Michael Stacey RIBA FRSA is a widely recognised Professor of Architecture and Tectonics at Bartlett School of Architecture / University College London, and Convenor of Michael Stacey Architects. He’s also a leading international expert in the field of aluminium sustainability, whose building designs have been recognised with multiple awards – including the Shapemakers Award for the innovative use of aluminium. He will be coming to Australia later this year to present as part of DECO’s Aluminium Insights series in Brisbane, Sydney, Melbourne and Perth.

Here, Michael talks about his fascination with the early Renaissance, the qualities that make aluminium ideal for use in applications within architecture and the built environment – and how the material can assist in advancing transformational action that will protect the living conditions for generations to come.

Tell us a little about your background. What inspired you to get into the field of architecture and academia, and what is your current focus?

I was inspired to study architecture as it combined my interests in art, history, science, maths, and offered a vocational path to serve humankind well by informing the built environment. My interest in materials and technology comes from being brought up in Swansea, South Wales, which at the time was an anode for ‘heavy industry’, as well as being a very beautiful coastal city. I visited Italy before studying architecture having worked on IBM Mainframe computers. I found Florence very inspiring, but I have never drawn a Neoclassical building in my career. It was the dynamism of the early Renaissance that fascinated me and especially the work of Filippo Brunelleschi, whose projects include the dome of Florence Cathedral.

I have undertaken research into architecture and engineering including the relationship between materials, technology, and design. I also teach architecture and engineering to pass on knowledge and skills to the next generation and hopefully contribute more widely to a better built environment.

Has sustainability always been an important part of your career path and academic pursuit?

Sustainability has always been part of my career, having studied architecture shortly after the 1973 energy crisis. At Liverpool School of Architecture, we were encouraged to study and design low energy architecture, which included a very memorable visit to St George’s Secondary School, Wallasey, Merseyside (designed by Emslie A. Morgan in 1961), which was totally passively heated, as well as the newly established Centre of Alternative Technology in Machynlleth, Wales.

It is the slow pace of change that has surprised me and how long it has taken for sustainability to become mainstream. However, as operational energy has been reduced in buildings, the embodied energy and embodied carbon has become of much greater significance in this century. The Towards Sustainable Cities research undertaken for the International Aluminium Institute with Kieran Timberlake (architects from Philadelphia who designed the new American Embassy in London) provided an excellent opportunity to study the in-use carbon benefits of specifying aluminium.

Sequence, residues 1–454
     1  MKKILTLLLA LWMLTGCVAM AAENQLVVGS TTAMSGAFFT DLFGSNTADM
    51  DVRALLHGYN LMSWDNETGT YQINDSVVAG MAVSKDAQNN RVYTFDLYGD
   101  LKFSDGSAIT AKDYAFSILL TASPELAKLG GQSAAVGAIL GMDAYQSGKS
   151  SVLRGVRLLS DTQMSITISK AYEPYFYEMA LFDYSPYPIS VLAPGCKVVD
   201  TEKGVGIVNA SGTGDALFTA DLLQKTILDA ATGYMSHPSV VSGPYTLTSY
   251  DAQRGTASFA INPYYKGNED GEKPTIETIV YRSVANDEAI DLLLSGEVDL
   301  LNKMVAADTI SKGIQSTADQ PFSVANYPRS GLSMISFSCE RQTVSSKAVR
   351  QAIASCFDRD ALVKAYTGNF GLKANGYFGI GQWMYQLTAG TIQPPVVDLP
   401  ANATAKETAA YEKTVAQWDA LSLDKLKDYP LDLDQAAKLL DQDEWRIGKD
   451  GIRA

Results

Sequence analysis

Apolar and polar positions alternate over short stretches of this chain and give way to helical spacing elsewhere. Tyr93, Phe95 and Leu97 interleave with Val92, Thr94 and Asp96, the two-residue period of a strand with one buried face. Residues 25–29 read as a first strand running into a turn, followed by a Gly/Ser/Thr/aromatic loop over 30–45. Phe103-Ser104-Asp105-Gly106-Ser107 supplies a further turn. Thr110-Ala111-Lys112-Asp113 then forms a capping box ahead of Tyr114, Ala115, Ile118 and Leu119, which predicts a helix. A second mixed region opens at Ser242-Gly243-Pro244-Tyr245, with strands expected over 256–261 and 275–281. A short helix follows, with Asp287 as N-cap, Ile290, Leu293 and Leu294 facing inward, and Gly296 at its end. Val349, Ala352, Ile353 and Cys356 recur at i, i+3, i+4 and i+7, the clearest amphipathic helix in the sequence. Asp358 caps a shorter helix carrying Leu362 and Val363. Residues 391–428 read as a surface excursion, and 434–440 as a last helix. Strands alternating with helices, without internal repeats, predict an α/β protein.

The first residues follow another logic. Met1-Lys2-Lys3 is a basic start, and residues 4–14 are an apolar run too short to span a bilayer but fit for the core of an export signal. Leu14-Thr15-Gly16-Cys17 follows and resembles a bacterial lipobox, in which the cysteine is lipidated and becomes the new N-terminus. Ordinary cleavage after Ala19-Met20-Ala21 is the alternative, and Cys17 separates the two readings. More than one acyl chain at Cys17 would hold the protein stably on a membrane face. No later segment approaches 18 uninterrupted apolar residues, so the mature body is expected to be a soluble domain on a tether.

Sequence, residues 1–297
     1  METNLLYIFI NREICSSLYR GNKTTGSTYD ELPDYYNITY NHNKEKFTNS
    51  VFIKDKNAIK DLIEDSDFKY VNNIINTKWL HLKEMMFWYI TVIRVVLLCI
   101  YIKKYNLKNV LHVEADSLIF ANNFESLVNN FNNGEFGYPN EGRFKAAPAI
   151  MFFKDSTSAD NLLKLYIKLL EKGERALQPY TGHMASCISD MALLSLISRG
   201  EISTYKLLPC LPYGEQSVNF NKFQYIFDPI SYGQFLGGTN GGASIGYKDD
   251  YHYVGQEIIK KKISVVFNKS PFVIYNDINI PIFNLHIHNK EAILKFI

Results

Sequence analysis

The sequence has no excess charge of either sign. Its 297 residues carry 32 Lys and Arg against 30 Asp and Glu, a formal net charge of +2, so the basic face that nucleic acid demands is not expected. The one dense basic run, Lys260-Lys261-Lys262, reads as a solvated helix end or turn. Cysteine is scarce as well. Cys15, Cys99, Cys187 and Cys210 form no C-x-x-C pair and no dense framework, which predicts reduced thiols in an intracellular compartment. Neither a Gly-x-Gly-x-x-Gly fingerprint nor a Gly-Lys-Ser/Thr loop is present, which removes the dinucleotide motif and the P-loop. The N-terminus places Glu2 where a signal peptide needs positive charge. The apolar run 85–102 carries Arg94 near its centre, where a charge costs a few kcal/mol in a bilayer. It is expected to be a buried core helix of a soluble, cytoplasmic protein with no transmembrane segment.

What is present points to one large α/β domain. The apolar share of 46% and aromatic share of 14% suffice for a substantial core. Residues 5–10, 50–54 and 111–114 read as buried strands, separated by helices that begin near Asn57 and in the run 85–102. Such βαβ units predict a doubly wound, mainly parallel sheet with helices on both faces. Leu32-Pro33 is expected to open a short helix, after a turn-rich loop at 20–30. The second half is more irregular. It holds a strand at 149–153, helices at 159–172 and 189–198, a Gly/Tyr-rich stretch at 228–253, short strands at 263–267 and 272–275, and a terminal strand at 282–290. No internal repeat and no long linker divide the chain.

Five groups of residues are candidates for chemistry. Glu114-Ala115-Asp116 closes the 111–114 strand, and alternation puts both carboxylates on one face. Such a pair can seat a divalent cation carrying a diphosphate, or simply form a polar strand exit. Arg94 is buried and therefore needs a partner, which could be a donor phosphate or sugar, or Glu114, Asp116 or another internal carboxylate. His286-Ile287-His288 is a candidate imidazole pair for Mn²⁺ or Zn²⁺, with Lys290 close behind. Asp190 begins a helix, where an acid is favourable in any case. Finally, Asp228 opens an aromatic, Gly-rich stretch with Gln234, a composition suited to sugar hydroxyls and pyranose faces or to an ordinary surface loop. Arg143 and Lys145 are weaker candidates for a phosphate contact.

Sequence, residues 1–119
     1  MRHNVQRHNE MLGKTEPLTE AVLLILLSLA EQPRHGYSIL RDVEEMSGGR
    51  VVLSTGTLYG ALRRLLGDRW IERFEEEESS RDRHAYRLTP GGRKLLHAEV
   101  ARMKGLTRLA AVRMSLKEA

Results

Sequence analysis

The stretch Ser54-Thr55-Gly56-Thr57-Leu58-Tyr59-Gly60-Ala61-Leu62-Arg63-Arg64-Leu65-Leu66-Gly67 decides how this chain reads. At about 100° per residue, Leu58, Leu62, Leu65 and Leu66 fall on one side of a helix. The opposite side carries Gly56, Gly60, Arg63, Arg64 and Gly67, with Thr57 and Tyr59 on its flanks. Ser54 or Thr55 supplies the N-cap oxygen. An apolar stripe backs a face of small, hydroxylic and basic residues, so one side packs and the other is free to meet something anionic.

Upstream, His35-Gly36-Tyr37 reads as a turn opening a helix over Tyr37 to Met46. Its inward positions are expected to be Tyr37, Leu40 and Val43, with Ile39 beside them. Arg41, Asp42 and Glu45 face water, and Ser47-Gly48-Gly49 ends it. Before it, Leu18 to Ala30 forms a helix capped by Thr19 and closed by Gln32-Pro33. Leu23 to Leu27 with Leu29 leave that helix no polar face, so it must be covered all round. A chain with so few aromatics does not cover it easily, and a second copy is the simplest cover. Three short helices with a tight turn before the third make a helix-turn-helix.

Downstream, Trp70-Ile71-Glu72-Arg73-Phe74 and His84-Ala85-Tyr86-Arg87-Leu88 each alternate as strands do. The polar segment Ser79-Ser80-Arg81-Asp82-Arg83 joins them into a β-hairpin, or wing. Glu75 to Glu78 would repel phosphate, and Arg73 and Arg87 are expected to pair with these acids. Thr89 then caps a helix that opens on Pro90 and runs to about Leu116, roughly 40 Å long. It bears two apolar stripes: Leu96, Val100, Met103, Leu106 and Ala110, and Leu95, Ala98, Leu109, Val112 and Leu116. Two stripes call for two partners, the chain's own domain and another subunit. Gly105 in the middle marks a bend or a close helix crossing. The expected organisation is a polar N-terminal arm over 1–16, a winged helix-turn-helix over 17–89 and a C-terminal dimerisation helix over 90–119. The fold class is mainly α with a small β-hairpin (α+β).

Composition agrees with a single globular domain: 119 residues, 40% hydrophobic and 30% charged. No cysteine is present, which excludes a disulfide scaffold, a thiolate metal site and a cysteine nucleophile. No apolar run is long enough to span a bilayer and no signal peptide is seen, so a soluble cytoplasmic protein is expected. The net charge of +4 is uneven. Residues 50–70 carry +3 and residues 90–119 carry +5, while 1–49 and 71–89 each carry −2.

You are a leading international expert in the field of aluminium sustainability, and your building designs have been recognised by national and international awards – including the Shapemakers Award for the innovative use of aluminium. Tell us about your interest in aluminium as a building material, especially in the context of sustainable architecture and construction practices?

I’ve always been interested in new and newer technology. Aluminium has now been used in construction for over 127 years, since 1885. The earliest recorded extant use of aluminium within the realm of architectural construction is a painted ceiling in the Church of St Edmund, King and Martyr, Fenny Bentley near Ashbourne in Derbyshire. My first job in London was working for Foster Associates, with Norman and Wendy Foster on the aluminium clad Headquarters of the Hong Kong and Shanghai Bank (1985) and the Renault Centre, Swindon (1982). This practice – now Foster + Partners – spotted my combination of research and design skills.

The primary reason for the wide-spread adoption of aluminium for the components of human life – from Apple laptops to curtain walling – is its inherent flexibility, not necessarily its physical flexibility. In some applications its stiffness, provided by a high strength to weight ratio, is of vital importance. In many applications it is the flexibility of designing with aluminium that is key. Aluminium extrusions can adopt complex forms without additional costs, details can be built in that facilitate fabrication processes – such as a screw groove that ensures fixings remain correctly placed or screw ports that enable aluminium sections to be fixed together. Aluminium can be cast, extruded, roll-formed, press-moulded and spun. It can be readily drilled, machined, laser cut, waterjet cut and bonded or welded. It accepts finishes well, offering long term durability.

What are the key factors in the sustainable use of aluminium?